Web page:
(b Bristol, 7 June 1965).
British sculptor, painter, and designer, whose flair for self-publicity has helped him become probably the most famous and controversial British artist of his generation (Tracey Emin being his only serious rival in this regard). While still a student at Goldsmiths College, London, he made a name for himself by organizing an exhibition of student work (‘Freeze’, 1988). From his youth he had a fascination with death, and his most famous work is The Physical Impossibility of Death in the Mind of Someone Living (1991, priv. coll.), consisting of a dead tiger-shark balanced and weighted so that it floats in preserving fluid in a large tank made of glass and steel. In 1995 he was awarded the Turner Prize. The work he showed at the exhibition of shortlisted candidates' work at the Tate Gallery was Mother and Child Divided, consisting of four tanks containing the severed halves of a cow and calf. According to the accompanying catalogue, ‘Hirst strips the closest of bonds between living creatures to its starkest reality’, but many people hated the work, and a letter to The Times suggested that the Tate authorities must be suffering from mad cow disease.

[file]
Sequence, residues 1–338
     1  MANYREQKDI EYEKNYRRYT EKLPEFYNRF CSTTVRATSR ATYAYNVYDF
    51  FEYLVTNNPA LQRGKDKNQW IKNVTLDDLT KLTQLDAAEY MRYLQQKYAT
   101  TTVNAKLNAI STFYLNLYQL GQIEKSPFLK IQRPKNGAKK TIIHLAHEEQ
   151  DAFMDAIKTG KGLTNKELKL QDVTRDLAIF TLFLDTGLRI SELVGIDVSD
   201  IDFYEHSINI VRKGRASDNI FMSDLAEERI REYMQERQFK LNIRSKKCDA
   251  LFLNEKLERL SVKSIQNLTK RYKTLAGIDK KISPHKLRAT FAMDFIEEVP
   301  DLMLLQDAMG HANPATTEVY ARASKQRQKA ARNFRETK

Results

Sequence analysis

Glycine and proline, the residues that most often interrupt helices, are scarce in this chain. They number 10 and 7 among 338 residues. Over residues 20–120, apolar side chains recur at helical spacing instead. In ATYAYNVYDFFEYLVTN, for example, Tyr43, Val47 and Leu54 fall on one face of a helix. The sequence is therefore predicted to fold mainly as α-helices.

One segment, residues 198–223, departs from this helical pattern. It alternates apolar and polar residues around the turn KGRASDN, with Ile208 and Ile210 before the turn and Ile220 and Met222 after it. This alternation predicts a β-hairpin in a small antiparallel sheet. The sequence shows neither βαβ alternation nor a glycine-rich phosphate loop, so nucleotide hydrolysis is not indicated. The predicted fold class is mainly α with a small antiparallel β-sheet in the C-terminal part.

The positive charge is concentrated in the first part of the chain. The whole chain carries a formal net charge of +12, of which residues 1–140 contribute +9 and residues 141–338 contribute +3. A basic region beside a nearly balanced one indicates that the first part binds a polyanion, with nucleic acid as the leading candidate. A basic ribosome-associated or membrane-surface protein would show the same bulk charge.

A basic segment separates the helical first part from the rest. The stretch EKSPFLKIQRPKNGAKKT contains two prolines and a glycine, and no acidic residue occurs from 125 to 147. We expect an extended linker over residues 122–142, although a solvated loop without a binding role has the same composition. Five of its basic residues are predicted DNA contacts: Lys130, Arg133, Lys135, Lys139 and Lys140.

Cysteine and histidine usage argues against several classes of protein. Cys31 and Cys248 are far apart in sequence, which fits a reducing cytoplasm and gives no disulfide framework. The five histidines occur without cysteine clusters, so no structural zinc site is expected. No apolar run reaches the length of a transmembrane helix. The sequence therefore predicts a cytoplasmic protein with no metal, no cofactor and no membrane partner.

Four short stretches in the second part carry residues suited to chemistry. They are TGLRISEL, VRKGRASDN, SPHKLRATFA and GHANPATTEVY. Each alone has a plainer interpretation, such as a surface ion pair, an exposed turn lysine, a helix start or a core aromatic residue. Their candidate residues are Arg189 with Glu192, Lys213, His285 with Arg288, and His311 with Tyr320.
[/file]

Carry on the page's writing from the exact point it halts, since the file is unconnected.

Hirst’s varied output also includes paintings consisting of rows of coloured spots, and circular pictures made by dripping paint on a spinning canvas. Most of this work is done by assistants, but in 2009 an exhibition of Blue Paintings made with his own hand (in a style influenced by Francis Bacon) was held at the Wallace Collection, London. This received ‘one of the most unanimously negative responses to any exhibition in living memory’ (Mark Hudson in the Daily Telegraph), but nevertheless it attracted large crowds. See also Young British Artists.